Candidate who smeared Jewish journalist has anti-Palestinian record

Man speaks with upraised arms with Trump flags behind him

Heshy Tischler claims he’s fighting for his community, but he’s playing chicken with COVID-19 and has engaged in anti-Palestinian and anti-Black racism. He’s also endangered a Jewish journalist.

Ron Adar SIPA USA

Harold “Heshy” Tischler, a New York City council candidate and local radio host, is a racist and a misogynist.

He was taken into custody last weekend by New York City police and arraigned Monday with inciting to riot, unlawful imprisonment, menacing and harassment in connection to an alleged assault on Jewish Insider journalist Jacob Kornbluh in Brooklyn on 7 October. Tischler and supporters waving Trump flags have protested in recent days against COVID-19 restrictions that Andrew Cuomo, New York’s governor, has announced for areas seeing an increase in COVID-19.

Tischler has a history of anti-Palestinian racism and incitement.

Last year, he attended a counter-demonstration in support of New York City Councilman Kelman Yeger, a Democrat, who sparked protests for claiming, “Palestine does not exist.” Tischler, a repeatedly bigoted provocateur, spoke to a Palestinian mother about her daughter, asking, “She doesn’t have any bombs on her to blow us up, do you?”

At that time, even Dov Hikind, for all his connections to the violently anti-Palestinian Jewish Defense League, denounced Tischler’s role at the counter-demonstration. Hikind asserted that Tischler had said “terrible things” but, in the paraphrasing of The New York Times, “did not represent the majority of counterprotesters.”

“You are my soldiers”

Eighteen months later, Tischler is referring to fellow Borough Park demonstrators against COVID-19 restrictions as his soldiers. “You are my soldiers! We are at war!” he has said.

He fancies himself to be a leader, but is in fact playing a dangerous game of chicken with COVID-19 and with the health of people in his community.

Tischler allegedly egged on his supporters to assault Kornbluh. He also made a video from a cemetery attacking Kornbluh as “a rat and a kapo and a moyser” shortly before the assault.

Moyser is a Yiddish term meaning a snitch against one’s own community; a kapo was a Nazi concentration camp prisoner provided privileges in exchange for overseeing other prisoners, often brutally. Following the Holocaust, these terms are especially powerful and demeaning.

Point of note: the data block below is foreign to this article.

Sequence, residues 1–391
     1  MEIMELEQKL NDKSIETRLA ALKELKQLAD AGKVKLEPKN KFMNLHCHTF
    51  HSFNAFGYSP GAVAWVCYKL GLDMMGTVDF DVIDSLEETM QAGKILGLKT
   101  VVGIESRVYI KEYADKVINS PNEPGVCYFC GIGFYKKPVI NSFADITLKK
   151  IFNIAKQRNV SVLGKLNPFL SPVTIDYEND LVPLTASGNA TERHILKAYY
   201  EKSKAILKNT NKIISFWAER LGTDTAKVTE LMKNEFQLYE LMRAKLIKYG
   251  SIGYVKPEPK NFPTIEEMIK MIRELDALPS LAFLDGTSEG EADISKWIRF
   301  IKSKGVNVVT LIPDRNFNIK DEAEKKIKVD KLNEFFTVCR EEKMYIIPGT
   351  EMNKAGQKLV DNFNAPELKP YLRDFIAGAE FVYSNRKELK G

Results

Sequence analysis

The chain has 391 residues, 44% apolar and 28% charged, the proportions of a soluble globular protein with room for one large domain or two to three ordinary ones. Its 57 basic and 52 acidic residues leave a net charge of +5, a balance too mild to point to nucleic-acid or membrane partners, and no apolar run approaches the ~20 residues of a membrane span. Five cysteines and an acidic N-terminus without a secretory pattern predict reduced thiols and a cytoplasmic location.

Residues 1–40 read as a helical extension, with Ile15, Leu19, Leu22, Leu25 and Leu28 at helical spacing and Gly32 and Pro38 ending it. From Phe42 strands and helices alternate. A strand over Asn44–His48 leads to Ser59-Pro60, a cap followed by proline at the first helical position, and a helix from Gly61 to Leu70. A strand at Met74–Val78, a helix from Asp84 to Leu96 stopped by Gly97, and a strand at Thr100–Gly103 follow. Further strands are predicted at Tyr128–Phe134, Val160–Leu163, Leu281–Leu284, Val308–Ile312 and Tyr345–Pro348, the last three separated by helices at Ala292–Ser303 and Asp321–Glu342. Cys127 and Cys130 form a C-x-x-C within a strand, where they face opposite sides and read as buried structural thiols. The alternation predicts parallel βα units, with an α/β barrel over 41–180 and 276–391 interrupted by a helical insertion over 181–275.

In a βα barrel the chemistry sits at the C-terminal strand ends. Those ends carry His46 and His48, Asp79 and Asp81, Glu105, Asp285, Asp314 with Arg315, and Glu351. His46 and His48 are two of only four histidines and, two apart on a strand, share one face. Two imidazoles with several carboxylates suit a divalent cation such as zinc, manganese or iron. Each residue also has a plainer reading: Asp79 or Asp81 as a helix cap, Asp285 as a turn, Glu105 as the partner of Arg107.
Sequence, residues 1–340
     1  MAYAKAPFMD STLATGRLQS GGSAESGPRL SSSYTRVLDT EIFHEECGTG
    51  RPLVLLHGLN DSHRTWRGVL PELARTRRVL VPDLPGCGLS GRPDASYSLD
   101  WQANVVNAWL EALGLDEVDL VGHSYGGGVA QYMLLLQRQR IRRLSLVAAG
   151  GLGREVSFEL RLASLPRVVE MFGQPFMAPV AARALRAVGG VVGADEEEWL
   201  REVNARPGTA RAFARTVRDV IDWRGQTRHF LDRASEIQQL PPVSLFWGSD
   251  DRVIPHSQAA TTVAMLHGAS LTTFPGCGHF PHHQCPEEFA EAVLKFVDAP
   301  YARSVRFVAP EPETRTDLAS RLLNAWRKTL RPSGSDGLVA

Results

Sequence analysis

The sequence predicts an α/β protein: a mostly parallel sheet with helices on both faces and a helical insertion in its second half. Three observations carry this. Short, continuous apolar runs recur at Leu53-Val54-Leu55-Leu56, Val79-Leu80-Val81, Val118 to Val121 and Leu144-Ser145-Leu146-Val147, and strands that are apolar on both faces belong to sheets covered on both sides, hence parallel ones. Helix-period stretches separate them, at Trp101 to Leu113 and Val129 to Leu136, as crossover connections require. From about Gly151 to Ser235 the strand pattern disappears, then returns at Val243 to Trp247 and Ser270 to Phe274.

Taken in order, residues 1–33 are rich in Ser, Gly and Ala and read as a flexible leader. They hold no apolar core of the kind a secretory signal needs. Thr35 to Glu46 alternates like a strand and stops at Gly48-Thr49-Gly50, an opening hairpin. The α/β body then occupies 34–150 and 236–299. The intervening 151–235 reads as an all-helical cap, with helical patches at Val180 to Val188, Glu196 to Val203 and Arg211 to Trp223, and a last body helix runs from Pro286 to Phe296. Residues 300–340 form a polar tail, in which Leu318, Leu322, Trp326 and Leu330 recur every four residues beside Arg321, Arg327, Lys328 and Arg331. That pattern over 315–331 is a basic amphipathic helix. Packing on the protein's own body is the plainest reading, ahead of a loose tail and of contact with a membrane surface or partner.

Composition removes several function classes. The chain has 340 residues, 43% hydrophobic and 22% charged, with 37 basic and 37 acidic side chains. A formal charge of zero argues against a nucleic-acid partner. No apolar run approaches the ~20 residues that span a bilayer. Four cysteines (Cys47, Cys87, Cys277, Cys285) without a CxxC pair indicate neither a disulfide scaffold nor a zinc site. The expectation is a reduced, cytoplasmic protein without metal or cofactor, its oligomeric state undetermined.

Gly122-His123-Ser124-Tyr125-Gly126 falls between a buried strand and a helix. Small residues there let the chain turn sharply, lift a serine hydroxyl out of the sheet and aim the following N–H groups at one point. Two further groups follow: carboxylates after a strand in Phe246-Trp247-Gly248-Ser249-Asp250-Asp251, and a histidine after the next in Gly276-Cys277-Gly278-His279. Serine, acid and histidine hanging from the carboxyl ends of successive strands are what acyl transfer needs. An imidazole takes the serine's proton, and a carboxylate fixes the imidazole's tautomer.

The crowd assailing Kornbluh later the same day derided him as a “Nazi” and a moyser.

Kornbluh has been concerned that Orthodox members of the Jewish community are likely to be sickened or killed by COVID-19 if greater social distancing and masking precautions are not taken.

Tischler, on the other hand, interrupted a news conference about COVID-19 last month to argue that government officials are bringing in “violent, Nazi stormtroopers.”

This sort of uncontrolled rhetoric is a grotesque twisting of reality. Tischler’s insistence on rejecting social distancing and masking is certain to imperil members of the very community he claims to represent.

Where Cuomo and New York City Mayor Bill de Blasio must tread carefully, however, is in making certain that there is not a double standard in which religious gatherings, schools and businesses are unfairly targeted due to COVID-19. If there is anti-Jewish discrimination that must be addressed and rectified.

Tischler’s effort to open playgrounds over the summer surely resonates with many parents and quite probably was safer for children than many indoor activities.

That said, Tischler’s more recent involvement and rhetoric have only complicated matters as the mayor and governor battle over turf. He has attempted to incite de Blasio by referring to his wife, Chirlane McCray, as a “retard woman” and kurva, a Yiddish word for whore.